Like many other readers of this journal, I am quite sympathetic to Cabrera's overall thesis, and I am impressed with his ability to tie together an analysis that traverses (appropriately enough) the local, the national, the subregional, the regional, and the global. What he proposes is a much different (and better) world, and his analysis of immigration issues provides a small but telling example of how groups of dedicated people have put their bodies and their minds on the line in pursuit of a more just world.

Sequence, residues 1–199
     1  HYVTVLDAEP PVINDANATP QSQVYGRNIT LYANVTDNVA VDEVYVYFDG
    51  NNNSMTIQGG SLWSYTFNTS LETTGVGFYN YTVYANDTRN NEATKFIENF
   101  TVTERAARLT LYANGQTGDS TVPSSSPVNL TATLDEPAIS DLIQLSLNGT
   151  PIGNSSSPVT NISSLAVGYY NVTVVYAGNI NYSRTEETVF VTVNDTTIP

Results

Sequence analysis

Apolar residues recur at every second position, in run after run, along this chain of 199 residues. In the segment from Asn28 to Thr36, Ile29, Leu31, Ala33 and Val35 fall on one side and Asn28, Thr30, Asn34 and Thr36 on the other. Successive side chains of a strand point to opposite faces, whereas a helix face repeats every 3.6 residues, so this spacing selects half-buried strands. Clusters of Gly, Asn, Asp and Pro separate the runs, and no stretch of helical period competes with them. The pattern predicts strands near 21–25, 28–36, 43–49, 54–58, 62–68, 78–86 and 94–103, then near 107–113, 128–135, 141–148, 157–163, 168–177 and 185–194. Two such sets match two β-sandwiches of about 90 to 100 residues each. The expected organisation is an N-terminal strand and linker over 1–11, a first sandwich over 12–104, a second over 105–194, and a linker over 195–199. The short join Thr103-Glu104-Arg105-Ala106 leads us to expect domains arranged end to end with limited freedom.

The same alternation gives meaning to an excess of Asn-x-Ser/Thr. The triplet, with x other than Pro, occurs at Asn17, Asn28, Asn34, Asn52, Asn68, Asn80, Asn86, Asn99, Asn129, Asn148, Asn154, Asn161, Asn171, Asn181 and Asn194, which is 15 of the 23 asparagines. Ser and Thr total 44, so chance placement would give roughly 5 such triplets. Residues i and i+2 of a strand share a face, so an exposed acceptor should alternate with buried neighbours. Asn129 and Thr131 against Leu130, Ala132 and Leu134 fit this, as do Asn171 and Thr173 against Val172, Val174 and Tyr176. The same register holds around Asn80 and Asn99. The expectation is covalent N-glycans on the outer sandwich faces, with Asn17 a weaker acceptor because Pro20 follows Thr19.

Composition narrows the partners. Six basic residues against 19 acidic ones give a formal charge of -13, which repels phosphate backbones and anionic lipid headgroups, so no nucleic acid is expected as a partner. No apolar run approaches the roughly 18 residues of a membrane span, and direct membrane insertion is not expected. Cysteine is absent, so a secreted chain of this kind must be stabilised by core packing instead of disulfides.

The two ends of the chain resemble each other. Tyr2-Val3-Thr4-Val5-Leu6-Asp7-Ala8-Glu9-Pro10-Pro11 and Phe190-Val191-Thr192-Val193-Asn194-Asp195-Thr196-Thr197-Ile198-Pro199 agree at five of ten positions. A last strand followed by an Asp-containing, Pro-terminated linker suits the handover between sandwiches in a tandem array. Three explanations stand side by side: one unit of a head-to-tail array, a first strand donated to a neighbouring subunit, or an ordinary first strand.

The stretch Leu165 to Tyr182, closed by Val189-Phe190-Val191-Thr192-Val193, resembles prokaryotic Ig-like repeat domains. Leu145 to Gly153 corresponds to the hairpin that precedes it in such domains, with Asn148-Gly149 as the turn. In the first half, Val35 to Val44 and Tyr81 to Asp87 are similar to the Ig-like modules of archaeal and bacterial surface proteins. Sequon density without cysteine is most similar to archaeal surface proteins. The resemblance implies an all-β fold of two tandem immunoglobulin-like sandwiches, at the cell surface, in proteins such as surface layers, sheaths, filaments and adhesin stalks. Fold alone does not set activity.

Notwithstanding this depth, there are arguments here that I either disagreed with or else found missing. In terms of the former, the biggest problem is with the claim that undocumented migration represents a form of civil disobedience—a motive that even Cabrera acknowledges would be lost on those coming over the borders. Not only do I think Cabrera is wrong on this matter but this kind of overreaching threatens the sounder parts of his analysis. Having said that, in many ways I wish undocumented migration did have a much deeper political element to it. On the book's cover are two young Mexican boys who look as if they are about to climb over the border. Perhaps their journey serves as a form of civil disobedience, although I would dispute this. But conjure up a much different kind of scenario and a much different kind of photo—one in which thousands are openly and defiantly massed at the Mexican border demanding their basic human rights.